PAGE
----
I hear most during any portrait photography session is about hand poses. And it’s usually accompanied by a nervous laugh.
What do you do with your hands in a picture?
Hand poses can make or break what’s otherwise a great portrait. Getting those hand poses right can be tricky to do and tough to communicate.
Give the Hands Something to Do or Touch
People feel awkward when they cannot figure out what to do with their hands. The fastest way to get the model comfortable is to give them something to do with those hands.
Something simple like placing their hands in their pockets. Or ask them to fold the arms in the front. This can help both put the subject at ease and get the hands in a flattering position.
Giving the hands something to do isn’t the only option here. Give your model something to touch instead.
Ask the model to place their hands against something specific. It can be a wall or a desk. This is an easy starting point for posing the hands.
Your model can also hold something. A ball, a glass or flowers look great in hands. Personal objects also allow the viewer to learn more about the model in the photos.
Use Hand Poses to Flatter the Rest of the Body
Sure, this article is to learn where to put the hands. But where the subject places the hands can change the entire body shape.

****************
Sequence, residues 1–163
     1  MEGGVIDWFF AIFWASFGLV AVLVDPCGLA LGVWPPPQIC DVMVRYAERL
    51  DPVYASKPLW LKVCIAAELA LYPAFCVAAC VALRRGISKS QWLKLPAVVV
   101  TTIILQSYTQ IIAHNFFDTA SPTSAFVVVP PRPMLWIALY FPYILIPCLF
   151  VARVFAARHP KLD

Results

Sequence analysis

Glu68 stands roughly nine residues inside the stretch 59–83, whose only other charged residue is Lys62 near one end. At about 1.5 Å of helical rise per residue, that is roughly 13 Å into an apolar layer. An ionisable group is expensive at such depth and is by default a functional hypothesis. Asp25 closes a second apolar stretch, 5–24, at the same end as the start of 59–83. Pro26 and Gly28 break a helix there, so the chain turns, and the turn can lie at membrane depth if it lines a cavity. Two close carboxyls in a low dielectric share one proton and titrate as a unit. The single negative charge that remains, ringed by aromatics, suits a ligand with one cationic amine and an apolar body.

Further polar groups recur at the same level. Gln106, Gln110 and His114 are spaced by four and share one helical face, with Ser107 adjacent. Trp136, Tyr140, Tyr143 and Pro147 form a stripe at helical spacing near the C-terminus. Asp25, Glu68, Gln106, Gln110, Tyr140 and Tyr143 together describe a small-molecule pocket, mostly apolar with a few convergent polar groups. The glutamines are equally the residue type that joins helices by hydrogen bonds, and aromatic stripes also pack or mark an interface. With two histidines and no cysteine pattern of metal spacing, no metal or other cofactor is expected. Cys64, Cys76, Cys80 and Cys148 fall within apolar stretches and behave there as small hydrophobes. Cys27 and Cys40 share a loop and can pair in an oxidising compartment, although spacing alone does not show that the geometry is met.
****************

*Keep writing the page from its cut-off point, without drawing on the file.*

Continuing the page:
In general, use the hand pose to create space between the torso and the arms. The subject will look wider if you don’t. Try placing the hands on the hips, for example.
That’s not a hard and fast rule, though. Crossing the hands in an X at the front can exaggerate curves (often used with women).
Crossing the hands with the elbows out can make the shoulders look broad. This hand pose is often used by men because it also highlights the arm muscles.
Foreshortening is a posing error that applies to any limb of your model.
Posing the torso parallel to the camera makes the subject look wider. So does posing any limb pointed straight towards the camera makes that limb look shorter.
Watch out if your model poses their fingers so that they are pointing directly at the camera. The perspective will make those body parts look short and stubby.
If the fingers are placed straight at the camera, they take up less space in the photo. They appear to be shorter than hands that are angled.
If you see hands pointing into the camera, adjust the pose. Make sure the fingers and arms aren’t headed straight towards the lens.
Don’t Hide (or Crop) the Entire Hand
Hands can add beauty and personality to the images. Why leave them out of the photos. While obscuring part of the hands is fine, avoid hiding everything from the wrist down.
If you ask a model to put his hands in his pockets, you want him to look relaxed, not nervous. Don’t put the hand all the way into the pocket or the hand will disappear. This could even make the model’s hips look a little larger than they are.
The same applies to determine where to crop the photo. Don’t crop at the joints, wrists and finger joints included. Cropping at a limb feels incomplete. If you’re going to shoot a pose that’s not full-body, crop mid-way between joints for a more natural look.